This first image is saved as a JPEG file, and thus maintains the full color palette from its capture. The image was captured using a video camera, and freeze- frame software.
This image is the most representative of the original, especially on computers that can display 16-24 bit color.
Look carefully at the image size ... 11,881 bytes
Photos are by nature continuous tone documents, and are therefore poor candidates for GIF RLE compression. There are typically numerous, almost continuous changes, per horizontal line in each image.
A photograph is first resampled to 256 colors when placed into a GIF format, all of the additional color information is discarded. The RLE compression scheme is lossless (after the palette reduction), but the image usually suffers from the reduction.
As a general rule of thumb:
Photographs should be compressed using JPEG compression, and NOT GIF compression. JPEG supports higher bit level palettes (16, and 24 bit), and produces smaller photographic images with superior quality.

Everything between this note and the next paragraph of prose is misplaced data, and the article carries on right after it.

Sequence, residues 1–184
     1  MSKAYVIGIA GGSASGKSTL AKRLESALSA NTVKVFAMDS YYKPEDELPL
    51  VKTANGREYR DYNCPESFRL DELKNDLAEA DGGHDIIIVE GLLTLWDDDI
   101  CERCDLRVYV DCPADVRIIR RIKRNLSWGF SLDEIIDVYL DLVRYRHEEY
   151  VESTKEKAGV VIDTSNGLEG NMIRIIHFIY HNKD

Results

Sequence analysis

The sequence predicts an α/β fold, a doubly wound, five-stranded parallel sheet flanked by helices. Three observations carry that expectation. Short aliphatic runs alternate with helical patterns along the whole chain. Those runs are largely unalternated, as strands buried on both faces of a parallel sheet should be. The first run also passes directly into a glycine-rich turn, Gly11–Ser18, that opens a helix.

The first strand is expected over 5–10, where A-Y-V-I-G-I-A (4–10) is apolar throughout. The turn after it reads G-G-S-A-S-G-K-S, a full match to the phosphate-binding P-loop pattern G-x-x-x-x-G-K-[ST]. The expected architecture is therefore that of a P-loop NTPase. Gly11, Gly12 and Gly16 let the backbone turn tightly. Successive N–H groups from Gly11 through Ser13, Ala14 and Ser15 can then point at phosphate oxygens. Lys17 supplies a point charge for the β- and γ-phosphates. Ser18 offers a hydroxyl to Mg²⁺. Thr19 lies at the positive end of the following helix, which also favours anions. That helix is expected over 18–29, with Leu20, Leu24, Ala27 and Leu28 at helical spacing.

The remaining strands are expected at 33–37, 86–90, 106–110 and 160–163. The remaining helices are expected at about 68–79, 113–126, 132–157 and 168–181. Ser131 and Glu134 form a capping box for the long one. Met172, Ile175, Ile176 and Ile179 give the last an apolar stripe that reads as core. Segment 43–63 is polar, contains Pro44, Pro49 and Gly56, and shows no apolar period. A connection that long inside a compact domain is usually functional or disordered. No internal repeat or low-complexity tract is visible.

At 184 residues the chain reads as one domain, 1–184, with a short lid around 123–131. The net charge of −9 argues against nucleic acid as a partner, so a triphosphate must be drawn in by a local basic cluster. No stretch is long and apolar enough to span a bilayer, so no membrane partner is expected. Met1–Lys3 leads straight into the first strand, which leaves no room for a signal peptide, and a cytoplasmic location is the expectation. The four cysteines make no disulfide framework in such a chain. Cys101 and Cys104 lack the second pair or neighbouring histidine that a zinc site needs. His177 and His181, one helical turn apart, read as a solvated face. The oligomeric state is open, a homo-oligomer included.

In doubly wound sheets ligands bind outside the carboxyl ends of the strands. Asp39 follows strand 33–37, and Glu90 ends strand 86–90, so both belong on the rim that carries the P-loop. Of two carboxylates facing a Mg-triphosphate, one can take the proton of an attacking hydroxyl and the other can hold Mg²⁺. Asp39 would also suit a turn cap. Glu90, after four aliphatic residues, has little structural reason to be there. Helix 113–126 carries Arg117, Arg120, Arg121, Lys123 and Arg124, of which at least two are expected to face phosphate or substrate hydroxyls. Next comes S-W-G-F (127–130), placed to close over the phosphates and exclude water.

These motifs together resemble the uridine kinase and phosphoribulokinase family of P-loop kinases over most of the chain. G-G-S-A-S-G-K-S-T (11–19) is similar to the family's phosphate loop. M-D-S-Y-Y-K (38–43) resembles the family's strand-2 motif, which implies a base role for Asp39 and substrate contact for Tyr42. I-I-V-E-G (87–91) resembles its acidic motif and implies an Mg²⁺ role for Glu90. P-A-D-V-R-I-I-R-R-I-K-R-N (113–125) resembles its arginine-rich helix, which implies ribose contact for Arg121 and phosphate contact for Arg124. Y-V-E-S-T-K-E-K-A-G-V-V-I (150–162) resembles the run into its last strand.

However, there maybe times when the GIF format is needed for a photographic image. For instance, if a portion of the image needs to be made transparent, or if a GIF animation is desired from photographic source material.
Let's examine some of the options and results. The WEB palette is sometimes called a "non-dithering" palette. This is true when it is applied to a graphic without dithering control. The photograph shown in this series was re-mapped with the WEB palette with dithering turned OFF in the first example (1).
The continuous tone portions of the image suffers from what is called "posterization". The normally continuous gradations become flat color area fills, or sharp steps of change. Pay close attention the background areas.
In example (2), the WEB palette was again used, but the dithering function was turned ON. It contains the same 216 colors as the previous example, but there is improvement in the continuous tone areas. Less of the color stair-stepping. Notice the size of the image, it is now 21,816 bytes, whereas in example(1) it is only 17,022 bytes. With the improved gradations there is more complexity per horizontal line, and hence a larger image.
Instead of using the standard WEB palette, the final image (example (3)), was created with an Adaptive color palette. Effectively the software was allowed to select the best set of 256 colors to represent the image. On a 16 or 24 bit color system, this image most closely resembles the original JPEG image above. Notice that the size has increased again, due to the increase in image complexity, and the increase in palette size. (216 (WEB) --> 256 (Adaptive))